“The fellow who crashed the car had bought everything needed to put the car [back] together,” Skirmants says, which he did over a period of about 10 years.

Skirmants’ car has a Porsche 1600-cc pushrod flat four which he claims makes 165 horsepower. That’s enough power to break an axle on this old car, which he did yesterday coming onto the front straight.


Red line on axle used to be straight. Now slanted, engine torque twisted the axle until it snapped. Photo by Damon Lowney

“I run it about once a year,” Skirmants says, “so there’s not a lot of time to sort it out.”

While it won’t race for the rest of the weekend, look for it at the Porsche Race Car Classic at the Quail Lodge in Monterey tomorrow.


Photo by Bob Chapman

Update by Damon Lowney: Oct. 14, 2011. 6:31 PM

How to build a group shot, courtesy Porsche:

Update by Damon Lowney: Oct. 14, 2011. 1:15 PM

This 1964 911 is one of the first two 911s to arrive on American shores, and it was also the first 911 to win a race, ever.

It was first sold to Brumos Porsche in Jacksonville, Florida who then sold it to Jack Ryan in 1965. Ryan, a VW dealer in Atlanta, decided to take it racing in 1966 against the wishes of Porsche’s then motorsports director Huschke von Hanstein. This might have had to do with the fact that Ryan wanted to enter it in the 24 Hours of Daytona.

Huschke claimed that if the 911 was ready to race for 24 hours, the factory would have done it already. Ryan’s response: “It’s my car now and I’m entering it.”

So Ryan raced the Daytona 24 in this very 911 (with co-drivers Bill Bencker and Linley Coleman) and won his class.

Source: Porsche

Update by Damon Lowney: Oct. 14, 2011. 1:00 PM

To give you an idea of how many people are attending RRIV, take a look at the Porsche Paddock. Before (Thursday night):

and after (Friday midday):

Update by Damon Lowney: Oct. 14, 2011. 8:05 AM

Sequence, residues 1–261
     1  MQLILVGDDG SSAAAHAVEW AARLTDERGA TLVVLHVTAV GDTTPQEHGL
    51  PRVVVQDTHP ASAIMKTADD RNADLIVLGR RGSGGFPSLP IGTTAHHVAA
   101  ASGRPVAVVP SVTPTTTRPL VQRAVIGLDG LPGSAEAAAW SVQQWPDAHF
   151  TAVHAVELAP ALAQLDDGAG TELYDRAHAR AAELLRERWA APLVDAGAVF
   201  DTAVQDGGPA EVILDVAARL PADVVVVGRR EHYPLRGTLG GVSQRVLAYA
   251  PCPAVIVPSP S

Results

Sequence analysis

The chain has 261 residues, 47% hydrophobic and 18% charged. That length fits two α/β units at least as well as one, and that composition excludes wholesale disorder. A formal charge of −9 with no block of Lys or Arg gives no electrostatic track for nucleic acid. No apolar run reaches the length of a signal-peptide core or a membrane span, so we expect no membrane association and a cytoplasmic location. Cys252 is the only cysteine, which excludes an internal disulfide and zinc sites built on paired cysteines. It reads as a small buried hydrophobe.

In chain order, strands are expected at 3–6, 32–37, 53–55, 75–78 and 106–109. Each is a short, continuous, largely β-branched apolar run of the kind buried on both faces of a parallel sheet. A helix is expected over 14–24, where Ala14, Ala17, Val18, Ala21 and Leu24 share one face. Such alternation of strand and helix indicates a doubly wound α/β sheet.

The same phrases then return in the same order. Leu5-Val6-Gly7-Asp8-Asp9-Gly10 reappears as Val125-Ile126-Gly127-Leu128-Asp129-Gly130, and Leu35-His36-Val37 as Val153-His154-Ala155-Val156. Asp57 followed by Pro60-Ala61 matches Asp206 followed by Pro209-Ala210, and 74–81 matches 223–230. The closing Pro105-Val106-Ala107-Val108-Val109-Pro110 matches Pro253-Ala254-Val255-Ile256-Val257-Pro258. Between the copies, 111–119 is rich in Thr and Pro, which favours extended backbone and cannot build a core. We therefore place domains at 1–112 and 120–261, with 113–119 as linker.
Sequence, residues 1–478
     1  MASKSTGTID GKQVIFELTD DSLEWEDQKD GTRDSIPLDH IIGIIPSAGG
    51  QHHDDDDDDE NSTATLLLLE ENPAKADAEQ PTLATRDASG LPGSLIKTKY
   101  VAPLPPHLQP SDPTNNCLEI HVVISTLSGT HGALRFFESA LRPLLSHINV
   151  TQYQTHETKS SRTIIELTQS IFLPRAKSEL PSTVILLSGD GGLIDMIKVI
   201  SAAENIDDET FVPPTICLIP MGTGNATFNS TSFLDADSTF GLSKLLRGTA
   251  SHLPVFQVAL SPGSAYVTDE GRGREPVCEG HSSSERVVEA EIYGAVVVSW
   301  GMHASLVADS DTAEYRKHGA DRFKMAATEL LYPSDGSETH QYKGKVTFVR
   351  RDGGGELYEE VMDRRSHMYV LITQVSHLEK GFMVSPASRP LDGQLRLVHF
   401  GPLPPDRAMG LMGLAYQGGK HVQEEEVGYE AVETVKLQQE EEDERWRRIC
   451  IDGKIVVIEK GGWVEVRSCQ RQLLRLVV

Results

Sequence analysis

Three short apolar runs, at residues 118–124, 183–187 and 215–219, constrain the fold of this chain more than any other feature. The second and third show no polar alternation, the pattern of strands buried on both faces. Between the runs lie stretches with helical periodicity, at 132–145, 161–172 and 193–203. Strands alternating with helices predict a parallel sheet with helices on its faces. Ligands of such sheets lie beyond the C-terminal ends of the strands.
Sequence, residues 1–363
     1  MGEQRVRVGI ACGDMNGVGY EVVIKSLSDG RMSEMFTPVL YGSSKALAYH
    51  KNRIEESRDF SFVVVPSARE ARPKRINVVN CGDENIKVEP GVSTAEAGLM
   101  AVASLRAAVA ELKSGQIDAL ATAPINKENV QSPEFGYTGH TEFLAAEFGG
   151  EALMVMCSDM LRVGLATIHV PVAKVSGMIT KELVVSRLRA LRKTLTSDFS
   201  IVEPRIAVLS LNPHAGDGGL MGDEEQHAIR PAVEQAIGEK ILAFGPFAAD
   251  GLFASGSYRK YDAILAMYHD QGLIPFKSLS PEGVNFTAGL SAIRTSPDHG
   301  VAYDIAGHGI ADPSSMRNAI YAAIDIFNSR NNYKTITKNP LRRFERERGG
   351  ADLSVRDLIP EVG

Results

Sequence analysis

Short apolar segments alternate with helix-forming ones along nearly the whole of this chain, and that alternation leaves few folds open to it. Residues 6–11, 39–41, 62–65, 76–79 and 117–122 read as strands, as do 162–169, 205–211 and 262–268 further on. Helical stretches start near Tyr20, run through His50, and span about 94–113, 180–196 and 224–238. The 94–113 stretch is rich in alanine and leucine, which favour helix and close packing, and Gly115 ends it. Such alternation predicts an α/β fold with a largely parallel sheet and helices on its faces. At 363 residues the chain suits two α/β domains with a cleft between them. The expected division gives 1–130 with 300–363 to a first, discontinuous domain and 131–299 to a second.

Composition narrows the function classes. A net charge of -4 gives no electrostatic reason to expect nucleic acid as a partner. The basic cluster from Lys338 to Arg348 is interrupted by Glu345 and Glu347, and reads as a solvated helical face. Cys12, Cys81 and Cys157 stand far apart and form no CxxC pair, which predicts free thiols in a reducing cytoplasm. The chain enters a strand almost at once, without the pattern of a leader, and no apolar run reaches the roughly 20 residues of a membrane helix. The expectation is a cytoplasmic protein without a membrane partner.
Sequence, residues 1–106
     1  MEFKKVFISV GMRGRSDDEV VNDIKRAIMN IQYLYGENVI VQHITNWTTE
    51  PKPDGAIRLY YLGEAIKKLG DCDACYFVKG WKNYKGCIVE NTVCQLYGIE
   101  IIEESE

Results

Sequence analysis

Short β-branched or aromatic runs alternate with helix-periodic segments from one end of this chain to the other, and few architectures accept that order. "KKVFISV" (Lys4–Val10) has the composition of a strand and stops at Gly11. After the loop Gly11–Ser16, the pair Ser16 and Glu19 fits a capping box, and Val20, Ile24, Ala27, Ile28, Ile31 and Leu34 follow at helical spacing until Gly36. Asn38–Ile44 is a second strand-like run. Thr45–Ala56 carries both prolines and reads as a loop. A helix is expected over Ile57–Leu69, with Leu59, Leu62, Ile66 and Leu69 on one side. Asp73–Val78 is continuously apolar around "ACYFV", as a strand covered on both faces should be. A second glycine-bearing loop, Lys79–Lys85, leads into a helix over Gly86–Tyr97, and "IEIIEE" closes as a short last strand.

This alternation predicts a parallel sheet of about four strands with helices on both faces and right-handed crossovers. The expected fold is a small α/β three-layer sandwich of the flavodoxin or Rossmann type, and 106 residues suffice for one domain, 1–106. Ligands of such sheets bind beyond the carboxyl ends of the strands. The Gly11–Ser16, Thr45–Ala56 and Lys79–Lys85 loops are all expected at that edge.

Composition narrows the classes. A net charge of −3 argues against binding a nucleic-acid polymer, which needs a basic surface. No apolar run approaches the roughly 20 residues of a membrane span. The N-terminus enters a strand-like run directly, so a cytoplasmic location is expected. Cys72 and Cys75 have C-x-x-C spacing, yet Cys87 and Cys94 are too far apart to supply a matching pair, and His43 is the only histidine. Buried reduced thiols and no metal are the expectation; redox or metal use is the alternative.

After hard work and preparation yesterday, and with this morning’s drivers meeting over, early Porsches are running in their first practice session now. Pictured is Stanford University’s The Revs Institute Carrera Abarth GTL warming up for the session.

Besides being an Abarth 356, this Porsche is special because of the equipment attached to it, which monitors the car and the driver.

Data gained from the equipment is supposed to help researchers understand more about how experienced drivers get the most out of cars without electronic aides. More on this later…

Update by Damon Lowney: Oct. 13, 2011. 12:53 PM

Rennsport Reunion IV officially starts tomorrow at 7:00 AM when the gates are opened to Mazda Raceway Laguna Seca. An hour later the first run group heads out for its first 20-minute practice session, and Excellence will be there to cover the event until it ends Sunday evening.

With hundreds of vintage Porsches filling eight run groups, thousands of Porsche enthusiasts, and some of the most well-known and respected names in the Porsche world attending the event, there’s sure to be plenty of action on and off the track.

Be sure to visit this blog as it will be updated when possible each day. Here’s the first update: The GT3 R Hybrid has been spotted in the paddock, lurking in the shadows behind closed doors.


Photo by Damon Lowney